- HARRIET SCHECHTER
Conquer kitchen clutter
September 24, 2003
If you've ever watched a cooking program (and nowadays, who
hasn't?), you may have noticed the phenomenon of the "fantasy
Whatever the celebrity chef needs is always at his or her
fingertips. Counters aren't cluttered with groceries or piles of
paper. And you never see a mess after the cooking is done just a
lovely zoom-in on a perfect-looking meal.
But in many real-life kitchens, it's easier to find the
ingredients for chaos than to locate the necessary cooking
supplies. Clutter-covered counters and crammed cupboards are enough to
make even the most talented cooks lose their appetite and order
If you spend more time in your kitchen looking for things than
cooking, here are three steps to help you:
1. Evaluate and edit tools and supplies, including replenishables
such as meal ingredients and cleaning products. If your kitchen
drawers have become a jumble of strange, sharp objects that make
finding or putting away utensils a hazardous experience, it's time to
take action. Discard or donate items you never seem to use.
Feeling overwhelmed about how and where to begin? Set a ticking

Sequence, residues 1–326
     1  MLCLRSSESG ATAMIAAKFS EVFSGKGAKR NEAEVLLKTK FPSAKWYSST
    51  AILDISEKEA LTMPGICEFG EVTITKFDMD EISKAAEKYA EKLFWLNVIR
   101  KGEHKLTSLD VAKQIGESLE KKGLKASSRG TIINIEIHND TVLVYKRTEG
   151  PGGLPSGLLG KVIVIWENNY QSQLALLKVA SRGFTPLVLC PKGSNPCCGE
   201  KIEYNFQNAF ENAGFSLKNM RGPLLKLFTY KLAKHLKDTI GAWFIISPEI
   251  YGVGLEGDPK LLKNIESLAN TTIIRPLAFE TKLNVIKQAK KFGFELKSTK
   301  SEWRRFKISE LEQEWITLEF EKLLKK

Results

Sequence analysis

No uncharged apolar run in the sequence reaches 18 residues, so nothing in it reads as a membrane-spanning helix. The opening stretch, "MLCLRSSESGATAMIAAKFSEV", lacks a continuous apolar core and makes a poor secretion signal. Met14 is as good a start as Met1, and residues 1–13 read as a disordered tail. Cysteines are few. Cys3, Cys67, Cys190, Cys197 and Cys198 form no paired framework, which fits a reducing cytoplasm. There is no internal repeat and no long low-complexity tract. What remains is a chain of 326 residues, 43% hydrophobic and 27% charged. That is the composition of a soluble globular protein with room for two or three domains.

timer for 10-15 minutes per drawer and start with the most accessible
one. The same process applies to clearing out cabinets and cupboards.
Don't expect to get it all done in one session; try going through one
drawer or shelf at a time.
You can even do this while talking on the phone.
2. Set up smarter storage systems. Store the most frequently used
tools and supplies where they'll be easily accessible. For example, if
you're not already storing dishes, cutlery and other regularly used
items close to the sink or dishwasher, you'd be wise to do so it
usually saves time when putting things away.
There are many excellent yet inexpensive drawer and cupboard
organizers available that can help maximize space and minimize chaos.
Some are designed to be used in specific areas, such as under the sink
or alongside the fridge. Others are multifunctional for use in a
variety of spaces. Just beware of organizing devices that are more
clever than useful, or you'll end up adding to your clutter.
3. Maintain order through periodic purging. The price of
organization is vigilance. Therefore, it's a good idea to re-evaluate
the contents of kitchen storage areas periodically. Keep your cooking
and dining supplies and tools under control by periodically purging
extras and replacing pieces that are worn out, damaged or just plain
Watch out for common clutter-causers such as rapidly multiplying
mugs (often the result of a fondness for "free gifts"),
countless quantities of bags and way too many ketchup packets from
fast-food outlets. Set limits by deciding how many of each item it's
reasonable to have on hand (for example, do you really need more than
100 grocery bags?), and choose to stay within those limits or suffer the chaos
Copyright 2003 Union-Tribune
Harriet Schechter is founder
of The Miracle Worker Organizing Service and author of three books,
including "Let Go of Clutter." Her
online advice column is at